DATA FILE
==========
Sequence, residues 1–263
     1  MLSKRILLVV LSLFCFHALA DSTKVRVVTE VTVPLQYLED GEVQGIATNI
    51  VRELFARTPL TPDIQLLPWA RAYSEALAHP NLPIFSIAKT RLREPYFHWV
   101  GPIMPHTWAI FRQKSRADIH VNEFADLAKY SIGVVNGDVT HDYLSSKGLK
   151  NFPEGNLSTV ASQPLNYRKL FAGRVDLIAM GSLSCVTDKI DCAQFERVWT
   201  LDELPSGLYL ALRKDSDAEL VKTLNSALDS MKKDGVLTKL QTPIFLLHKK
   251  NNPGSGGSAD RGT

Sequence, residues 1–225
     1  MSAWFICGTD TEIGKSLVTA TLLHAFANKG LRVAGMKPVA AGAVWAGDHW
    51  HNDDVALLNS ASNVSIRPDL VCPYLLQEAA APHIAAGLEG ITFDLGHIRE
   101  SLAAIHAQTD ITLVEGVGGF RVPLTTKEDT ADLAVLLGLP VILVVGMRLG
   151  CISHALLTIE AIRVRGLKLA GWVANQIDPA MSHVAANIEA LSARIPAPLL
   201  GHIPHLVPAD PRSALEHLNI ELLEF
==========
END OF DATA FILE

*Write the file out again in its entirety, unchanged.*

Sequence, residues 1–263
     1  MLSKRILLVV LSLFCFHALA DSTKVRVVTE VTVPLQYLED GEVQGIATNI
    51  VRELFARTPL TPDIQLLPWA RAYSEALAHP NLPIFSIAKT RLREPYFHWV
   101  GPIMPHTWAI FRQKSRADIH VNEFADLAKY SIGVVNGDVT HDYLSSKGLK
   151  NFPEGNLSTV ASQPLNYRKL FAGRVDLIAM GSLSCVTDKI DCAQFERVWT
   201  LDELPSGLYL ALRKDSDAEL VKTLNSALDS MKKDGVLTKL QTPIFLLHKK
   251  NNPGSGGSAD RGT

Sequence, residues 1–225
     1  MSAWFICGTD TEIGKSLVTA TLLHAFANKG LRVAGMKPVA AGAVWAGDHW
    51  HNDDVALLNS ASNVSIRPDL VCPYLLQEAA APHIAAGLEG ITFDLGHIRE
   101  SLAAIHAQTD ITLVEGVGGF RVPLTTKEDT ADLAVLLGLP VILVVGMRLG
   151  CISHALLTIE AIRVRGLKLA GWVANQIDPA MSHVAANIEA LSARIPAPLL
   201  GHIPHLVPAD PRSALEHLNI ELLEF